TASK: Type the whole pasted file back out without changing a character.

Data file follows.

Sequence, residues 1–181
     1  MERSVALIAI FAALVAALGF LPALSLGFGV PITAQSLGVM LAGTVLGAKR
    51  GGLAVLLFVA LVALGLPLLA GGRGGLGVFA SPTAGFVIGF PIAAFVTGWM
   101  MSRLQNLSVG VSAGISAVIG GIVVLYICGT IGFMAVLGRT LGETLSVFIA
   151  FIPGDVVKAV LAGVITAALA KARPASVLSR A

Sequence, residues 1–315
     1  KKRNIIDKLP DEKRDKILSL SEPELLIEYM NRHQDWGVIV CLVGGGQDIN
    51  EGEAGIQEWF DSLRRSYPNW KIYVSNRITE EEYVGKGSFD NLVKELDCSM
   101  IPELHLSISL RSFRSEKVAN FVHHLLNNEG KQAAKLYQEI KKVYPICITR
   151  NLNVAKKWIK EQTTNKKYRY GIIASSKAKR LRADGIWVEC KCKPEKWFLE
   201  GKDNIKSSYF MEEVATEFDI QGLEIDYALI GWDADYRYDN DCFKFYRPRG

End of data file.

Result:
Sequence, residues 1–181
     1  MERSVALIAI FAALVAALGF LPALSLGFGV PITAQSLGVM LAGTVLGAKR
    51  GGLAVLLFVA LVALGLPLLA GGRGGLGVFA SPTAGFVIGF PIAAFVTGWM
   101  MSRLQNLSVG VSAGISAVIG GIVVLYICGT IGFMAVLGRT LGETLSVFIA
   151  FIPGDVVKAV LAGVITAALA KARPASVLSR A

Sequence, residues 1–315
     1  KKRNIIDKLP DEKRDKILSL SEPELLIEYM NRHQDWGVIV CLVGGGQDIN
    51  EGEAGIQEWF DSLRRSYPNW KIYVSNRITE EEYVGKGSFD NLVKELDCSM
   101  IPELHLSISL RSFRSEKVAN FVHHLLNNEG KQAAKLYQEI KKVYPICITR
   151  NLNVAKKWIK EQTTNKKYRY GIIASSKAKR LRADGIWVEC KCKPEKWFLE
   201  GKDNIKSSYF MEEVATEFDI QGLEIDYALI GWDADYRYDN DCFKFYRPRG